And all of this in plain view of the fact that I still love Jim as deeply and well as I always have, on top of, in addition to, in spite of the All of it.
Lord, grant me the serenity....
To all of you who think my life has been easy, that I somehow bounced through it unscathed—-think again. It isn’t easy to live in this world. It isn’t easy now, and it never has been. The best we can do is to honor what is True and to love each other truly and faithfully and to the best of our ability, as much as we can, while we can.
His tears are still wet on my shoulder. The immortal words in my ears, echoing in my heart. And tomorrow we both know that we will both get up and go on and do our best in our separate lives and the days and years and certainly the miles will stretch between us as he leaves and goes where only my love can follow.
A part of me has been with him through all these many years. He gave it back to me, tonight— not because he didn’t need it himself, but because he knew I needed it more. Gallant every step and to the bitter end.
Never, ever, for one moment imagine that this is “easy” for either one of us. Our hearts have been broken and crushed and blown away in the wind and have gone to places we don’t even know of. Yet, here we stand, at our respective duty stations.
And my Son wonders how I can laugh, when this is just (1) one of the inexplicable “lessons” of my life, and still, I tell him to laugh and keep on laughing.
Remember Sarah, she who laughs. Remember Mary hunched over at the foot of the Cross.
Who can gainsay God? What is, is. I have never yet loved anyone or anything —and that love has not ultimately returned to me, full tide, and overflowing. Like my words, they do not go out and come back empty, either.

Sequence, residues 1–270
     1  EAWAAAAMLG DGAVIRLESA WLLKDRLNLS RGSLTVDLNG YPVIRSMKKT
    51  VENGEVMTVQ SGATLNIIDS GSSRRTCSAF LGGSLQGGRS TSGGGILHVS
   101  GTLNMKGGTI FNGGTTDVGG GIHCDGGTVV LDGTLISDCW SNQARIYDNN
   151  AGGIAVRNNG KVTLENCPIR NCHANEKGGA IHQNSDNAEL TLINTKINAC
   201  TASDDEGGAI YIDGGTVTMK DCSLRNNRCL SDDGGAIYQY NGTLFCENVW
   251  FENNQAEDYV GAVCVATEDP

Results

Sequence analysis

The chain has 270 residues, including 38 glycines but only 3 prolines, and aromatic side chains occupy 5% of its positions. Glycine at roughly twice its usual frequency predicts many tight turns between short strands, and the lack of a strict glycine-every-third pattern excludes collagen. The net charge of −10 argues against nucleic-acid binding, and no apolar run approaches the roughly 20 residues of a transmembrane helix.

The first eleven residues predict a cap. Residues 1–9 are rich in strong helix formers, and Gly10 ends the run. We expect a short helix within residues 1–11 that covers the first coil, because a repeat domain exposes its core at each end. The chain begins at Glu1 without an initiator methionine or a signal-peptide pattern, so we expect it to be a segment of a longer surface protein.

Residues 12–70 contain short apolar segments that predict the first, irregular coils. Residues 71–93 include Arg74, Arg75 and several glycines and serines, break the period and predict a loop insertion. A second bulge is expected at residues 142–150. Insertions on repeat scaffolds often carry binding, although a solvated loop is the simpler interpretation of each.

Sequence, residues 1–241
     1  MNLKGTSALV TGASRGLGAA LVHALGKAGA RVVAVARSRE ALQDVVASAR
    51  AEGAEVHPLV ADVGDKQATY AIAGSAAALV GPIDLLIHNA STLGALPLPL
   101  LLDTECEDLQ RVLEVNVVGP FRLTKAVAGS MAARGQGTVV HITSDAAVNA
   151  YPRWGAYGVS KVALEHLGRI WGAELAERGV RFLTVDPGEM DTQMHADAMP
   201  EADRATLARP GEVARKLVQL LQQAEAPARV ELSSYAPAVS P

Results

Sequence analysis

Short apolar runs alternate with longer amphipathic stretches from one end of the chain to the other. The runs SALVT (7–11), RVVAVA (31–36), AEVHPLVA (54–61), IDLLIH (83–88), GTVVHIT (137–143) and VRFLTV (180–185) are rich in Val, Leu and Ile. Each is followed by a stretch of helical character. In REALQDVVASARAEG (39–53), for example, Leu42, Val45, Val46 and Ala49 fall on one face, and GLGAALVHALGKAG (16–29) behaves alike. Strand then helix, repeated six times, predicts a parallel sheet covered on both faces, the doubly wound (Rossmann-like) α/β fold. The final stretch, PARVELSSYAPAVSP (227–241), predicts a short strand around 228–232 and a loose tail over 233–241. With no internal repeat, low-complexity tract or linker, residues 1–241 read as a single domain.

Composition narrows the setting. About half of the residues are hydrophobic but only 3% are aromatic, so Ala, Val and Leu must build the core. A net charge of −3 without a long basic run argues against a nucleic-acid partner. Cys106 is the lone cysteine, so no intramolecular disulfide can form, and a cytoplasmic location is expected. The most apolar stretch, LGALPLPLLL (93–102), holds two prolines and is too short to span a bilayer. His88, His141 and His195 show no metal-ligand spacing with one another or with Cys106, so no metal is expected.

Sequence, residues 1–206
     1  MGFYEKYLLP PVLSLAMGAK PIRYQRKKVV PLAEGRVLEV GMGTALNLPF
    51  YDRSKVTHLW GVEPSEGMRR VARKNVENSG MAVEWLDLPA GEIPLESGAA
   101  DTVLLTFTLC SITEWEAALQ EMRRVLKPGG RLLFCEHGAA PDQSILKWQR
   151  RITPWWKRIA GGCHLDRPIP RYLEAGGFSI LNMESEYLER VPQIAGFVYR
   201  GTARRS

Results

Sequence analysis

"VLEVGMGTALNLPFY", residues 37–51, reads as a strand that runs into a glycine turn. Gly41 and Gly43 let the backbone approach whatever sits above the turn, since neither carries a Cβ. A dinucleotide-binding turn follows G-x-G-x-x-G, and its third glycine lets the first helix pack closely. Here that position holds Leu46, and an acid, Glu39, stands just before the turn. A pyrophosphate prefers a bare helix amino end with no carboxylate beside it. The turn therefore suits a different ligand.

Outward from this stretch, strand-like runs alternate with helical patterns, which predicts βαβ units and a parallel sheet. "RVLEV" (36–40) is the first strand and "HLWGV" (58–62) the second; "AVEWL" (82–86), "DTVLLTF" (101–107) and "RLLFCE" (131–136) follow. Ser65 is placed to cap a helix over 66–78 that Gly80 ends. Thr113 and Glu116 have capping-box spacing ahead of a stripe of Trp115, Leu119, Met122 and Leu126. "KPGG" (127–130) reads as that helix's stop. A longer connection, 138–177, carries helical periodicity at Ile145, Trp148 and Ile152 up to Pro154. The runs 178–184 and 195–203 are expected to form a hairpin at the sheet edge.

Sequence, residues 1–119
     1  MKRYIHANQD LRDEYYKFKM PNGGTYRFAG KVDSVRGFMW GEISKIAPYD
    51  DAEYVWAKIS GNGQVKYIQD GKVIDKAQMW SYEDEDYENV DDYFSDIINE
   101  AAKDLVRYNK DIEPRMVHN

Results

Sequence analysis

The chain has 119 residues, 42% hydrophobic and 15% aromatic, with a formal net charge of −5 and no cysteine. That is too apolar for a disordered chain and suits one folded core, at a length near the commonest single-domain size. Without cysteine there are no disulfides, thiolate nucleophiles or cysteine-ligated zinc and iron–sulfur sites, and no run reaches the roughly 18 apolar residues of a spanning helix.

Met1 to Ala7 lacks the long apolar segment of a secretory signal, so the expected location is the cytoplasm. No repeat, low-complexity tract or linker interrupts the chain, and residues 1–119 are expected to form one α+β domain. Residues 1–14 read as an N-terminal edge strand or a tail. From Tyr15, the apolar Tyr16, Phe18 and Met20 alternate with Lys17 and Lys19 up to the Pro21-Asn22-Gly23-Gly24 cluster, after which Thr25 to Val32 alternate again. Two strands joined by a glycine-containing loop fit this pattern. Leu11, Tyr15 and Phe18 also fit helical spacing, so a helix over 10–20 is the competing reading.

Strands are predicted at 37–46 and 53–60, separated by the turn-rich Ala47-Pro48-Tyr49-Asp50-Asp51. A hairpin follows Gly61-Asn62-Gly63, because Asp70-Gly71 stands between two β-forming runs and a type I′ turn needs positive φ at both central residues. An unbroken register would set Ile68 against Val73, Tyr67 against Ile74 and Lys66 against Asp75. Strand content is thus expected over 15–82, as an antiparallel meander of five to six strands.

All the wisdom of men may crumble to the dust, all that can never be repaid, all those who can never be together, all those who weep, all those who yearn for peace and love and happiness, all those who stand alone, all those in any need at all, take heart the more impossible everything seems, for what is impossible to us, is not impossible to God.
Behold the Truth, that our God makes all things new, and all things possible, and all things right in the end— and then, you can afford to laugh.
There is a reason that I have been fated to love two great men and a reason they both love me. We just don’t know, in our present condition, what the reason is— and within the limitations set by our own Code of Honor, we have to bear it for what it is, and let it be, the same way that the sun shines and the rain falls. Apparently, forever.
This is my cross, and theirs, too.
Now tell me again, how “easy” my life has been? How I am so blissfully unscathed and out of touch with the full range of feeling and misery?
When I have lived every day of my life literally torn apart for decades?
And still soldiered on and still loved my husband, and still kept my family together and still paid our bills and still unraveled the evils of our broken “government” and still took the time and made the effort to defend and teach everyone else who would listen.
So you are living in a dump? I lived in a shell made of raw timber, insulated with cardboard. So you are alone, burdened down, scared? I sat in the ashes with a sick baby and a husband who was so lost in his own misery, he didn’t even talk—just stared into space and drank for five years.
Think I haven’t been there?
Nobody gets by without their share of sheer misery and want and terror. Nobody gets by without guilt and pain and sheer bewilderment. One way or another we all get stuck asking, “Why?” to questions we can’t answer.
So just know that for sure and know that you aren’t alone and accept it and don’t whine or feel sorry for yourself. We are all here to learn and there are some terribly hard lessons— but through it all, we are meant to grow wise and fearless and joyful.
Through it all, we are meant to overcome.